Among the many bizarre devices marketed during the “electric craze” that swept the world around the turn of the 20th century was the Alternating Current Heidelberg Electric Belt. The male version of this wonder garment had a low-voltage jockstrap that promised to cure poor circulation, kidney disorders, liver disease, and a long list of other ailments, while, of course, enhancing sexual performance.

The female version of the belt was also marketed as a cure-all for many problems including “female weakness,” and supposedly would help women control sexual urges. But the Electric Belt offered no protection from physical blows.

Then in 1927 a Guelph company called Elastic Hosiery (later Protexion Industries), located on Waterloo Avenue, fortified the jockstrap with a hard cup.

According to one account, Jack Cartledge, son of company owner Joe Cartledge, developed the hard cup and then filed a patent for it.

Perhaps inspired by those steel codpieces still seen on suits of medieval armour in museums, the Guelph addition to Bennett’s invention was just what the doctor ordered. Hockey players, quick to realize the new device offered protection not only from slapshots but also from errant sticks, were among the first athletes to make them a standard part of their equipment.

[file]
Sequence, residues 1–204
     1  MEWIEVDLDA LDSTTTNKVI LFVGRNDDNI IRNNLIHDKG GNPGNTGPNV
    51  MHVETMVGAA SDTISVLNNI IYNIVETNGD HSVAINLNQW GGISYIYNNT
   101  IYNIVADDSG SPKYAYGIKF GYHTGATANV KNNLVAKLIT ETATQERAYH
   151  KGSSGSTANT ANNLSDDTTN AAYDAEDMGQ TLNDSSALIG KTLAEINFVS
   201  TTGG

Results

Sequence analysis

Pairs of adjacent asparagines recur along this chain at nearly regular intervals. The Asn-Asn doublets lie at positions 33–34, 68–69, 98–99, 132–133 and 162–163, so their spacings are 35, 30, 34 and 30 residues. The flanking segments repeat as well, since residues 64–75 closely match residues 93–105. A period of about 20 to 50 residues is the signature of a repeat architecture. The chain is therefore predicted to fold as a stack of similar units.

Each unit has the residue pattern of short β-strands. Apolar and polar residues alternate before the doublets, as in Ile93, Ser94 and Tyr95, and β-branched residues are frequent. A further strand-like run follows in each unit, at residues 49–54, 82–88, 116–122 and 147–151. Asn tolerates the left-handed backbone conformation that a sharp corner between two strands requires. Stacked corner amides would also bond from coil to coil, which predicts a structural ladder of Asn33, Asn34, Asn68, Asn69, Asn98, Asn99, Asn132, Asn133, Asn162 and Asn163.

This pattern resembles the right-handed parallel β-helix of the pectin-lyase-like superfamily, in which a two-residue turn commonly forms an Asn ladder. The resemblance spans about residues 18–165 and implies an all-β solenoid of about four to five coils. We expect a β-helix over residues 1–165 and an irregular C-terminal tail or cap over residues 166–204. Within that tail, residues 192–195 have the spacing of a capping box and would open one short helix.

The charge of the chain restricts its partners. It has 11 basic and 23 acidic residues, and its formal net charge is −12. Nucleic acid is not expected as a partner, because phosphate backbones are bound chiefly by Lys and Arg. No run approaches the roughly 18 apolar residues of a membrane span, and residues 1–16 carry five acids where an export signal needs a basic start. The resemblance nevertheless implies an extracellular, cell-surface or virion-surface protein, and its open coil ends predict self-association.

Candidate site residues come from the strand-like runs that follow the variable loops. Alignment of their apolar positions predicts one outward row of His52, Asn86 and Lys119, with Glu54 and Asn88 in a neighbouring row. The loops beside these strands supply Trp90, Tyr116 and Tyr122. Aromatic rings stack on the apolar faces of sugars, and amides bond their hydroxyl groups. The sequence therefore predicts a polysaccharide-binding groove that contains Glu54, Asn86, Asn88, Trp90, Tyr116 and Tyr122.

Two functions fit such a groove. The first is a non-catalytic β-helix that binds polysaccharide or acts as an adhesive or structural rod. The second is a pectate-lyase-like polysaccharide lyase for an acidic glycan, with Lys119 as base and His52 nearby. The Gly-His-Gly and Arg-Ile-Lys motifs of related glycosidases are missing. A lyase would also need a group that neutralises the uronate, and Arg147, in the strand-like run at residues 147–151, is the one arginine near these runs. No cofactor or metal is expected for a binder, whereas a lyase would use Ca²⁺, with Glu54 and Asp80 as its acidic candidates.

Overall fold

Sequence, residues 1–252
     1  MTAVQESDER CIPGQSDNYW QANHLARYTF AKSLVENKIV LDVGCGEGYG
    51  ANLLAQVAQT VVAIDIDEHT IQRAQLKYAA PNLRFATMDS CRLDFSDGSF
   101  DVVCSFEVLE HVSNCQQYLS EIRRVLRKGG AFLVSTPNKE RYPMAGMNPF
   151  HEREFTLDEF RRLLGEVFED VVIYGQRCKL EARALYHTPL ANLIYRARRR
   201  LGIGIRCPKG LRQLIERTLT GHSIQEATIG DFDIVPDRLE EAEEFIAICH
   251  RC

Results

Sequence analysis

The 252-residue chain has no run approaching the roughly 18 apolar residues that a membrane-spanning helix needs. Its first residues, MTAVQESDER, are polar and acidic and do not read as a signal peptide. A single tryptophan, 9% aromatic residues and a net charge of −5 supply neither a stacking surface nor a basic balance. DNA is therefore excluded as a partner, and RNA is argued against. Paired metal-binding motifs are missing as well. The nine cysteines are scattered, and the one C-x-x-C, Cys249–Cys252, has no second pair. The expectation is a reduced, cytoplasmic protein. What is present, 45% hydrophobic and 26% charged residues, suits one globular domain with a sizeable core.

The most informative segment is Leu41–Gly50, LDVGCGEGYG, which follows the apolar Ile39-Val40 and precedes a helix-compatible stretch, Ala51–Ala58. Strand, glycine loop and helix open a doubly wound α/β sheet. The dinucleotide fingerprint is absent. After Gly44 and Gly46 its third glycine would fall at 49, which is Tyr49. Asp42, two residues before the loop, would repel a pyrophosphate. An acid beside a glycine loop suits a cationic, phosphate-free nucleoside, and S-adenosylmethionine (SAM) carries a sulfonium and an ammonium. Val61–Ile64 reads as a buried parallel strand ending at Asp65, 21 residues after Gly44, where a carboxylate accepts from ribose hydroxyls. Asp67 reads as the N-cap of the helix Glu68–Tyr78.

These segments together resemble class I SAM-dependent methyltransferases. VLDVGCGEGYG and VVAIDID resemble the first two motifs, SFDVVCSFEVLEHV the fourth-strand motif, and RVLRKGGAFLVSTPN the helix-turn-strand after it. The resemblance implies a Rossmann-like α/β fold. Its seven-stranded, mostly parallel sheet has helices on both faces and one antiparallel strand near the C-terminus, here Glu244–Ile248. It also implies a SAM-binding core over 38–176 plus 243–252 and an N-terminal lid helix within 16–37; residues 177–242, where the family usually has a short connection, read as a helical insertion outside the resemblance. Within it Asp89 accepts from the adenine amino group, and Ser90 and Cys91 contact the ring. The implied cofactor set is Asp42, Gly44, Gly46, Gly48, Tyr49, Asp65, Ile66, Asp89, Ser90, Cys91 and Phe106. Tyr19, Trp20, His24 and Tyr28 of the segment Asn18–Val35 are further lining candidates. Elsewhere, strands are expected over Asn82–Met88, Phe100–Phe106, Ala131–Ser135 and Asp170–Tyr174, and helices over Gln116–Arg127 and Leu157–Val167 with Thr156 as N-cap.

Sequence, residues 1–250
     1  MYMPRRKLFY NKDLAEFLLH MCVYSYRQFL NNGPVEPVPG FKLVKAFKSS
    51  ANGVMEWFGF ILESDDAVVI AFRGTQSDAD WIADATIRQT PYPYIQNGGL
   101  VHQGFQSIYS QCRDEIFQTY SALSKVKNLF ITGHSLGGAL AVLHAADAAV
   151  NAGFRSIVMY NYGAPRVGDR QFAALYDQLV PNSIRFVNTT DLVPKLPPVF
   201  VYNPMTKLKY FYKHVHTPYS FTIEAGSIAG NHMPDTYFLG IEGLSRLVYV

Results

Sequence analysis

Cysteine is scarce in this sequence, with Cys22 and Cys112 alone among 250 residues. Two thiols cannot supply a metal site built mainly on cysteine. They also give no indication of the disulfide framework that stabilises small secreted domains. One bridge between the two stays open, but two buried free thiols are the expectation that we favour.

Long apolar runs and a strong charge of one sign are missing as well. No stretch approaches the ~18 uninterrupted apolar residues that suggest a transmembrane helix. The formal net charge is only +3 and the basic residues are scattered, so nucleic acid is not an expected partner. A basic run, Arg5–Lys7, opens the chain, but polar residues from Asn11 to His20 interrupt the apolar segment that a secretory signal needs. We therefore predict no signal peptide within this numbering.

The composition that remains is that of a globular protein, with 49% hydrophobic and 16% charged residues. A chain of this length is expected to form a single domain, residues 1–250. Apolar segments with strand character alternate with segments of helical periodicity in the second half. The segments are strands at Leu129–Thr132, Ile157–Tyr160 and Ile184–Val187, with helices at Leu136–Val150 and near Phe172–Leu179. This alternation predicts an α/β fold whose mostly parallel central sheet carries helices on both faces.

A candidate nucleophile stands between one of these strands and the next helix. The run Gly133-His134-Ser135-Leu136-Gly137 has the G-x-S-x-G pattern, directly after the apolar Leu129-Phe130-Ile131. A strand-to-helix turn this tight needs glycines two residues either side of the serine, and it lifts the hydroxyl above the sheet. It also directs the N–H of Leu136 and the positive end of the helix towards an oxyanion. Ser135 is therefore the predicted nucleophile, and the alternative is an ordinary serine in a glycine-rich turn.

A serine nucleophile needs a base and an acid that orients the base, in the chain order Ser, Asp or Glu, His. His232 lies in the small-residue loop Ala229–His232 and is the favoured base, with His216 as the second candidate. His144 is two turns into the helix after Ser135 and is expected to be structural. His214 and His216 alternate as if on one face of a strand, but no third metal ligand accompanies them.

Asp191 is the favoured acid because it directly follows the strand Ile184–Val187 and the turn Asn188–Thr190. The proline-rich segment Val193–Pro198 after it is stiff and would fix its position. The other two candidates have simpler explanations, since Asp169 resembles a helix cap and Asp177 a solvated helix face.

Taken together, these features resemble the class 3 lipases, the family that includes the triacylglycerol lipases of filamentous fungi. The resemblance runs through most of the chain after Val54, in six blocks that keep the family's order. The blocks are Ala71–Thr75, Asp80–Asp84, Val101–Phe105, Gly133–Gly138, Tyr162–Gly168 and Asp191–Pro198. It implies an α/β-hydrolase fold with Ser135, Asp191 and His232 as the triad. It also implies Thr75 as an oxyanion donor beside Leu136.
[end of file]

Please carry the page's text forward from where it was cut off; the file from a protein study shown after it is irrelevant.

If there were any misguided macho types who disdained the notion of protecting the package the way an outspoken Hockey Night in Canada commentator would later dismiss the wearing of visors as wimpish, they kept it to themselves.

After all, it wasn’t their manhood in the line of fire.

The protective cup was a game-changer. Guys could now take to the ice, battle in the corners and engage in goalmouth scrambles confident that one very precious part of their anatomy was as safe as a turtle in its shell. Hockey players – especially goalies – might still leave blood and teeth on the ice, but at least they could walk to the arena’s infirmary.

Other athletes quickly added the new athletic supporter to their personal armour.

For Guelph, another claim to fame was in the bag.